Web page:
12 - 13 Years Old


  • Child can prepare a shopping list in order to purchase items needed for a meal using a recipe, a craft based on the given instructions, etc.
  • Child gathers all needed items to take to school and places them in his or her backpack
  • Child is able to cook simple dishes using the stove or oven safely (such as browning ground beef for spaghetti, boiling pasta, etc), but may occasionally have questions to ensure correct sequencing and/or safety
RED FLAGS (should be brought to the attention of your doctor):
  • Child frequently forgets to complete school assignments or does not receive credit for completed assignments because he or she does not remember to turn them in, put his or her name on the paper, etc.




13 - 14 Years Old


  • Child completes basic household chores (such as sweeping, mopping, wiping counters, washing dishes, etc.), but may still have occasional questions about correct products to use or where some things are stored
  • Child initiates and completes tasks that last 60-90 minutes
  • Child uses money and makes correct change when shopping in a store
RED FLAGS (should be brought to the attention of your doctor):
  • Child has poor awareness of how his or her choices may be impacting himself or herself as well as others at times (such as staying up too late playing video games may lead to fatigue and a lower test score the next day, gossiping about one’s friends may lead to difficulty maintaining friendships, etc.). Disclaimer: These choices may still occur from time to time, but a typical 13-14 year old should be able to identify the cause of the unwanted consequence.




14 - 15 Years Old


  • Child completes basic household chores (such as sweeping, mopping, wiping counters, washing dishes, etc.), but may still have occasional questions about correct products to use or where some things are stored
  • Child initiates and completes tasks that last 60-90 minutes
  • Child uses money and makes correct change when shopping in a store
RED FLAGS (should be brought to the attention of your doctor):
  • Child has poor awareness of how his or her choices may be impacting himself or herself as well as others at times (such as staying up too late playing video games may lead to fatigue and a lower test score the next day, gossiping about one’s friends may lead to difficulty maintaining friendships, etc.). Disclaimer: These choices may still occur from time to time, but a typical 13-14 year old should be able to identify the cause of the unwanted consequence.




15 - 16 Years Old


  • Child is trusted to take care of a younger sibling or family member for short periods of time as he or she demonstrates good safety awareness, forethought of potential needs, and can carry out the younger child’s schedule reliably as requested by the primary caregiver
  • Child completes all advanced self-care tasks (identifying if clothing is clean and seasonally appropriate for the day, if clothing needs to be ironed, flossing teeth, etc.) and many household tasks (sweeping prior to mopping, cleaning the bathroom with the correct products, laundering all clothing, etc.)
RED FLAGS (should be brought to the attention of your doctor):
  • Child is not able to make purchases in a store from a list of needed items, and/or he or she is not able to keep his or her purchases within a given amount or budget.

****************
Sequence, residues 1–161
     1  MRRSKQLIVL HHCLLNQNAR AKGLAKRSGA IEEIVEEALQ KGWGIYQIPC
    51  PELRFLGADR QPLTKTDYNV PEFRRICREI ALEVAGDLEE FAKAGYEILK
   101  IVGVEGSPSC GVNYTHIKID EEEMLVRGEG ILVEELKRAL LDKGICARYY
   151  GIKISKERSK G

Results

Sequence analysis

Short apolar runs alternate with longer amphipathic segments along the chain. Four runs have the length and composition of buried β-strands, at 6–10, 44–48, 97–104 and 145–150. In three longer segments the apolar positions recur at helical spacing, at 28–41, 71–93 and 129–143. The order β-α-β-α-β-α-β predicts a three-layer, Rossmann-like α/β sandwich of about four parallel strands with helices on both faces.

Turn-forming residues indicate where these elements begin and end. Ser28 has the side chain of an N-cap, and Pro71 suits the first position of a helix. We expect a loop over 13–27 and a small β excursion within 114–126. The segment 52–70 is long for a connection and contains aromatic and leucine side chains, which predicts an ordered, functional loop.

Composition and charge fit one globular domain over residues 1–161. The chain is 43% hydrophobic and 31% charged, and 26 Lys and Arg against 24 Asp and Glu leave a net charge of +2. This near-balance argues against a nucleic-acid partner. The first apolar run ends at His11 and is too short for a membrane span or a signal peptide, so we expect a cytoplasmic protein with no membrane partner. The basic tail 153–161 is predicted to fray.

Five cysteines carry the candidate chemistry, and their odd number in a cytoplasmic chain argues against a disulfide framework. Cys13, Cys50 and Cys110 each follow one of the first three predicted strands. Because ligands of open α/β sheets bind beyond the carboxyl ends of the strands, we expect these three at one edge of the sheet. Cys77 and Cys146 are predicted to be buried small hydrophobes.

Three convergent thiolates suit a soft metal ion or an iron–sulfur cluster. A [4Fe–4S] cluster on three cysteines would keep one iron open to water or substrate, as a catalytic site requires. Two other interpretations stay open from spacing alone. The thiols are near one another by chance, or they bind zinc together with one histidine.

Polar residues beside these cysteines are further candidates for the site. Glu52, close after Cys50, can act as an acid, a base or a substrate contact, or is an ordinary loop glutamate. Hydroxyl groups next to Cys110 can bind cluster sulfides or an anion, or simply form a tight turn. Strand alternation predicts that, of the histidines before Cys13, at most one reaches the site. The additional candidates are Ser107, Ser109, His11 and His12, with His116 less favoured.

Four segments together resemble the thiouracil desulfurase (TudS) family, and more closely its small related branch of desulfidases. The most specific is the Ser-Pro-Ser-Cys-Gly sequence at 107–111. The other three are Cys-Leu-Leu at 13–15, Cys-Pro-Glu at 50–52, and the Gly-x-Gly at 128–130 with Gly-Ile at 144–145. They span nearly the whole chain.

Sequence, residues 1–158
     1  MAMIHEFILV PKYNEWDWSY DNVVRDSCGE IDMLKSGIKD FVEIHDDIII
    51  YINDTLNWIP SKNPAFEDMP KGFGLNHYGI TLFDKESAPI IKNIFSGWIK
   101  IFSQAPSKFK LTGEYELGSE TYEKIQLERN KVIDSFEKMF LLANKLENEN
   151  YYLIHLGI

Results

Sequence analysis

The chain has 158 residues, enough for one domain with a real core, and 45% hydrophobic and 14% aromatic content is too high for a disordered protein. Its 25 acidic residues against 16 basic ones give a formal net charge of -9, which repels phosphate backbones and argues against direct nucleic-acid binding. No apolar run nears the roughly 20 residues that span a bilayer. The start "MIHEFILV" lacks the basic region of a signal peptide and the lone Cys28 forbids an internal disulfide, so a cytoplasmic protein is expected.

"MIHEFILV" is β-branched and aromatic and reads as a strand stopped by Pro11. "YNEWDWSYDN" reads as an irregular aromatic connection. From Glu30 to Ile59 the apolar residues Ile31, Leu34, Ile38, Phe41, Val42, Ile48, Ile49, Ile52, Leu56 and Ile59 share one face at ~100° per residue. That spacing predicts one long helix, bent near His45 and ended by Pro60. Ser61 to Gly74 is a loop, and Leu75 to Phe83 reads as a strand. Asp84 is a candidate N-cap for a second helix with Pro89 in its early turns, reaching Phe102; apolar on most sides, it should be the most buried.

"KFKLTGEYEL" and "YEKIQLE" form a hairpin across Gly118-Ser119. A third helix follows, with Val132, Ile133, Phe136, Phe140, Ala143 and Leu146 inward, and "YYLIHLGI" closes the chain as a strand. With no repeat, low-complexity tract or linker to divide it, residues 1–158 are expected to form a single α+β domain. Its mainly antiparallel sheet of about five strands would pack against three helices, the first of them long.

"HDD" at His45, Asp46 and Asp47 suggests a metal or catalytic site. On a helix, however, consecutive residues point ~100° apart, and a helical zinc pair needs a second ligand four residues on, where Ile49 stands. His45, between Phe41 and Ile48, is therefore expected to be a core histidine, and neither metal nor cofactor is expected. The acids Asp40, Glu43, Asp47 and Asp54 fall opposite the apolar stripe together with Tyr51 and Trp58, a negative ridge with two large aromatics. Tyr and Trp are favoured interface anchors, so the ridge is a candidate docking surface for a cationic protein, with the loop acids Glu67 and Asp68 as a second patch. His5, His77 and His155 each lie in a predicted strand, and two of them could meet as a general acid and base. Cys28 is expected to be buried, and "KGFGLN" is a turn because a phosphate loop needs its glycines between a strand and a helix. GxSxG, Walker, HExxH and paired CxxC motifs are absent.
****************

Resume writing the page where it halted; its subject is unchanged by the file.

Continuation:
16 - 17 Years Old


  • Child is trusted to take care of a younger sibling or family member for short periods of time as he or she demonstrates good safety awareness, forethought of potential needs, and can carry out the younger child’s schedule reliably as requested by the primary caregiver
  • Child completes all advanced self-care tasks (identifying if clothing is clean and seasonally appropriate for the day, if clothing needs to be ironed, flossing teeth, etc.) and many household tasks (sweeping prior to mopping, cleaning the bathroom with the correct products, laundering all clothing, etc.)
RED FLAGS (should be brought to the attention of your doctor):
  • Child is not able to make purchases in a store from a list of needed items, and/or he or she is not able to keep his or her purchases within a given amount or budget.




17 - 18 Years Old


  • Child completes all advanced self-care tasks (identifying if clothing is clean and seasonally appropriate for the day, if clothing needs to be ironed, flossing teeth, etc.) and advanced household tasks (such as planning, shopping for, and cooking a meal; identifying when certain chores need to be completed that may be outside of his or her usual responsibilities; etc.)
  • Child problem-solves independently through complex scenarios and involves the correct people as appropriate (such as child knows to contact parents, police, and insurance company and can initiate these steps if he or she is involved in a car accident, etc.)
RED FLAGS (should be brought to the attention of your doctor):
  • Child is not independent in planning for and executing all advanced daily tasks required for success at home, school, work, and meaningful community engagement





- Treatment Methods -

Sequential Oral Sensory Feeding Program | Handwriting Without Tears |   Multi-Sensory Room | Sensory Integration Therapy | Therapeutic Listening | Wilbarger Deep Pressure Touch for Sensory Defensiveness | Seating and Positioning | Alert Program for Self Regulation of Sensory System | Interactive Metronome